Religious Freedom Win: SCOTUS Sides With Catholic Charity’s Pro-Traditional Family Views

Gabriel Hays | June 17, 2021
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Score one for the First Amendment. A unanimous U.S. Supreme Court ruling has provided a major win for one pro-traditional marriage Catholic charity, and a victory for religious freedom in the country at large.

SCOTUS sided with Catholic charity group Catholic Social Services against the city of Philadelphia, in the case Fulton v. The City of Philadelphia on June 17. The court ruled against the city for terminating the group’s contract to provide foster care in the city because they do not certify same-sex couples to be foster parents. 

All of nine SCOTUS members ruled that Philadelphia could not punish Catholic Social Services for certifying couples according to its religious beliefs. Chief Justice Roberts wrote in his opinion that Philadelphia had violated the religious group’s first amendment rights by terminating its contract to provide foster care.

Roberts wrote, “The refusal of Philadelphia to contract with CSS for the provision of foster care services unless it agrees to certify same-sex couples as foster parents cannot survive strict scrutiny, and violates the First Amendment.”

Roberts’ opinion was joined by conservative Justices Amy Coney Barrett and Brett Kavanaugh and three of the liberal Justices, Stephen G. Breyer, Sonia Sotomayor and Elena Kagan.

What ended up being a unanimous win for the Catholic group, started as a complaint in 2018, when a The Philadelphia Inquirer reported on Catholic Social Services’ policy of refusing to allow same-sex couples to provide foster care. According to The Washington Post, that report prompted Philadelphia city officials to stop “the contract with Catholic Social Services” because in their view “the agency’s actions violated the city’s anti-discrimination laws.”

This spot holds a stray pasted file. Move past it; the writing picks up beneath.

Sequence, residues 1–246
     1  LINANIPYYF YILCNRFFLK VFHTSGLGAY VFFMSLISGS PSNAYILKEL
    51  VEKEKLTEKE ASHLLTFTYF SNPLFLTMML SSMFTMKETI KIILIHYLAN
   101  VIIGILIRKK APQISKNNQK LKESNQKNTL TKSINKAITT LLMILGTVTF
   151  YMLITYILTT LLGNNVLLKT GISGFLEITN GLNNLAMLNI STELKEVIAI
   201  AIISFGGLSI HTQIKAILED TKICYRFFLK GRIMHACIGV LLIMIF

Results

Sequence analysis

Catholic Social Services sued the city following the contract termination, insisting that the move violated its First Amendment rights. However, the U.S. Court of Appeals for the 3rd Circuit unanimously decided that Philadelphia had every right to end the contract and did not view the action as violating the group’s First Amendment rights. 

As the Washington Post reported, the 3rd Circuit Court saw it as, “the city was insisting that those with whom it does business agree with its nondiscrimination policy.” Though Catholic Social Services claimed that the city’s decision forced it to abandon its religious views or be forced to give up its mission.

The group also noted that it had never been approached by a same-sex couple, and that other city contractors were happy to certify those couples instead.

In his opinion, Roberts added, “CSS seeks only an accommodation that will allow it to continue serving the children of Philadelphia in a manner consistent with its religious beliefs; it does not seek to impose those beliefs on anyone else.” Thank goodness for this unanimous victory for religious freedom.

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